Wednesday, March 28, 2007


I have been slow in announcing the birth of my son, Trystan. He arrived at 12:52pm on Thursday, March 22nd by C-section. He was 7lbs 12oz and around 21inches long at birth.

We knew that Trystan had two issues that the doctors had been watching during my pregnancy--a 2-vessel cord (usually there are 3), and at least one kidney that was dilated (too big). Once he was born, however, we found a few more issues. The most immediate one is called an imperforate anus. Basically, he had no anus and therefore could not poop. The doctors did not catch it immediately upon his birth, and I actually got him breastfeeding for the better part of his first 24 hours of life before a nurse was checking to see why he had not had his first meconium. He was immediately transferred to St. Louis Children's Hospital for evaluation, and they scheduled a colostomy for Saturday afternoon. During a colostomy, they bring a piece of his intestine outside his belly so that he can pass stool into a special bag, called an ostomy bag. That will allow him to eat and poop relatively normally until he grows a bit bigger and can have more surgery to construct a new anus and get the intestines/colon/etc attached. He should be able to go home with the ostomy bag.

In evaluating him, the doctors also found that he does indeed have irregular kidneys--one is smaller than normal, and the other is a kidney + a "stem" (a partial kidney). He also has two ureters on the larger side, instead of the normal one. So far, his kidneys are functioning fine, but they will be watching and evaluating htem in the weeks/months to come to see how well each side is working and if there are any issues.

Cardiologists evaluated his heart and found a defect that causes a heart murmur (I don't have the name of the defect in front of me), which may fix iteself as he grows. They also found an anurism near one of the valves which requires more watching and will probably be fixed at some point. The anurism is a type which rarely ruptures in babies or small children, but is found sometimes when an otherwise healthy young adult dies suddenly.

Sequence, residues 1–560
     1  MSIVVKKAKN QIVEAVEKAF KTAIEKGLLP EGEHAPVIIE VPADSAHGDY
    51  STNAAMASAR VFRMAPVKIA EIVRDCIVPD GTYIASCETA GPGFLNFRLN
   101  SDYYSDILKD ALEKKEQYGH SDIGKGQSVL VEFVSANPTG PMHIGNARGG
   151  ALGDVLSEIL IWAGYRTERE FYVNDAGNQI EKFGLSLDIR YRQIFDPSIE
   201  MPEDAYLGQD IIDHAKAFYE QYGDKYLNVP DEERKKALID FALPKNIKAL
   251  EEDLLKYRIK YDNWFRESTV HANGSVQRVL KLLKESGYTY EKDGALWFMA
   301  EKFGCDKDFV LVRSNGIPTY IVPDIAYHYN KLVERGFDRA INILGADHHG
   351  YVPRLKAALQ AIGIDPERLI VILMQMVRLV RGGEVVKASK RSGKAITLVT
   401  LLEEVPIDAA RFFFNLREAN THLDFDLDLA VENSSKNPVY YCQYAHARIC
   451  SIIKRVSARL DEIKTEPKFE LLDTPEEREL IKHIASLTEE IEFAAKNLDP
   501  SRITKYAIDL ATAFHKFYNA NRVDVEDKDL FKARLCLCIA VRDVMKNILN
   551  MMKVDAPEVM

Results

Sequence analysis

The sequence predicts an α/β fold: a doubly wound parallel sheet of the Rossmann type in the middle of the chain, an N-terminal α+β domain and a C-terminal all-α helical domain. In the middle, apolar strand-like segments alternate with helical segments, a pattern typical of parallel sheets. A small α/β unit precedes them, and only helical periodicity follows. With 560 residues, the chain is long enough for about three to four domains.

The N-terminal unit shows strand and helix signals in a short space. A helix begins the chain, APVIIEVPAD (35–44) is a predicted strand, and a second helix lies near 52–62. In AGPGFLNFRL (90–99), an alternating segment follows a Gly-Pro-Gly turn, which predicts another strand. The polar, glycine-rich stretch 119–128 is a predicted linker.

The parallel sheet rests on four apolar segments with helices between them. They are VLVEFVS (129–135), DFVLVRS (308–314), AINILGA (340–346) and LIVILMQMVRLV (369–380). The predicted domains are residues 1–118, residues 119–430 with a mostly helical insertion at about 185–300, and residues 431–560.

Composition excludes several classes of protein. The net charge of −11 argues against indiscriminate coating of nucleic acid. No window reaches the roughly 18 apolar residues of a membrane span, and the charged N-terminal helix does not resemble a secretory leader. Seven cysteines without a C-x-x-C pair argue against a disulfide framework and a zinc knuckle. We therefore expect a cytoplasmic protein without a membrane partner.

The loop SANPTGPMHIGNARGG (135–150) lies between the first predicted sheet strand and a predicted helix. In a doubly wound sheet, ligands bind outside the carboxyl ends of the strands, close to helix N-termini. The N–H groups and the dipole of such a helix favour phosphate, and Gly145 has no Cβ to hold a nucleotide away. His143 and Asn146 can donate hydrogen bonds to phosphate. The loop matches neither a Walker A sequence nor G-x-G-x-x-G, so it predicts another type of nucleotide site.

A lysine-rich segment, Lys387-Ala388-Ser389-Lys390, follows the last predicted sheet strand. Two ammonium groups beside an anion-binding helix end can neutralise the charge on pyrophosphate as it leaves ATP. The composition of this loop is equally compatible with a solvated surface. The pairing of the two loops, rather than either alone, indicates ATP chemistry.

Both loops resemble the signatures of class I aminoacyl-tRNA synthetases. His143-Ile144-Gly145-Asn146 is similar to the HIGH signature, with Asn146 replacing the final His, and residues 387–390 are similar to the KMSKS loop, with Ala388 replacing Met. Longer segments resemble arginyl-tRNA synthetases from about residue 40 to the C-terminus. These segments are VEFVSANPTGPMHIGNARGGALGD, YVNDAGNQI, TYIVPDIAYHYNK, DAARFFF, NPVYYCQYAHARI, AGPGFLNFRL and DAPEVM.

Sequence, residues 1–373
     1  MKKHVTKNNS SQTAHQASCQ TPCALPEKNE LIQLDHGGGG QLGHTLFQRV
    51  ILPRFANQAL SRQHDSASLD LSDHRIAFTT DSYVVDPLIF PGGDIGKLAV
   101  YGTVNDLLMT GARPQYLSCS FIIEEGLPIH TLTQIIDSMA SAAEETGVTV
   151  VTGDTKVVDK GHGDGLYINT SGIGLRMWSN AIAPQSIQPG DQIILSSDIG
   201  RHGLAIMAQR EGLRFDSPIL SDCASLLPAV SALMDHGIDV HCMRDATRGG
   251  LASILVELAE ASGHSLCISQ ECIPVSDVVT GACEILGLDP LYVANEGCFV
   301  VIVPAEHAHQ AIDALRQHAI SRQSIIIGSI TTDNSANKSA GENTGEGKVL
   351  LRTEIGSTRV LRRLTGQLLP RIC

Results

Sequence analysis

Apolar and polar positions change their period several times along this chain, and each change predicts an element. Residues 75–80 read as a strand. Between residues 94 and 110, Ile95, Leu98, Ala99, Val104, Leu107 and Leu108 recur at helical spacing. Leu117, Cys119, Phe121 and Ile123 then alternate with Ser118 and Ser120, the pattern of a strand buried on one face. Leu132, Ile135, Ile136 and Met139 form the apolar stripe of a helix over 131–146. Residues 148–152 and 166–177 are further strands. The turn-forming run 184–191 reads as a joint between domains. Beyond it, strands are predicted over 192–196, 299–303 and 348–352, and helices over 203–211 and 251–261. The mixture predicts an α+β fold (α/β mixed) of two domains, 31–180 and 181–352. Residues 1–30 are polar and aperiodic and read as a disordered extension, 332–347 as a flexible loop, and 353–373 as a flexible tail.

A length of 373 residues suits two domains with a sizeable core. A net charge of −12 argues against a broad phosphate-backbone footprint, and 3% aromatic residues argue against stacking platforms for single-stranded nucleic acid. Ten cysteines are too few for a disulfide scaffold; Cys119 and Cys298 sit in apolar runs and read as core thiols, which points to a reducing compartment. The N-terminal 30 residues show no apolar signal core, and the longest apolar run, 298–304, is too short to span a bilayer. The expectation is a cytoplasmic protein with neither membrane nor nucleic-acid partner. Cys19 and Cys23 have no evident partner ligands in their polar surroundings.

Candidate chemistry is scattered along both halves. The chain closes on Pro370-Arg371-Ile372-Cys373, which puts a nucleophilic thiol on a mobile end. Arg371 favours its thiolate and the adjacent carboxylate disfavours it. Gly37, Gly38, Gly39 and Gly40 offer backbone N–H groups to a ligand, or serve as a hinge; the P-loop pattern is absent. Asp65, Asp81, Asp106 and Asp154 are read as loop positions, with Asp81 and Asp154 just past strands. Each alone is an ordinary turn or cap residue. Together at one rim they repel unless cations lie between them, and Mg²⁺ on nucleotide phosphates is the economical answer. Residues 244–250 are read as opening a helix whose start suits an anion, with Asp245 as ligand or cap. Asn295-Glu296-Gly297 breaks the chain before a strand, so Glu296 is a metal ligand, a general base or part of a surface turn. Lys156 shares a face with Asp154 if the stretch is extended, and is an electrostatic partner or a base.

My OB released me from Missouri Baptist, where I gave birth, early on Saturday so I could go to Childrens' for Trystan's first surgery. For myself, I'm doing rather well--much better than I did at this point after Charlotte was born, which is good. Trystan is holding up quite well, and yesterday had the tube in his stomach (that was helping to remove excess bile/meconium/etc) removed, and his catheter removed, and spent the day in a crib instead of a warming bed. He still had an IV in his head. Today they should OK him to start eating again, and I have an ample supply of breastmilk waiting for him. My milk came in rather fast, and I was well-versed in pumping from my experience with Charlotte, so I am currently able to pump more than he will probably be able to drink for a while. Hopefully they will let me return to breastfeeding him soon after he starts eating and they're sure he's processing the milk without trouble.

I will have plenty more updates later, but for now, I am headed off to the hospital to see my son.

1 comment:

the squeaky mouse gets the cheese said...

We're thinking of you, wishing the best. Hugs.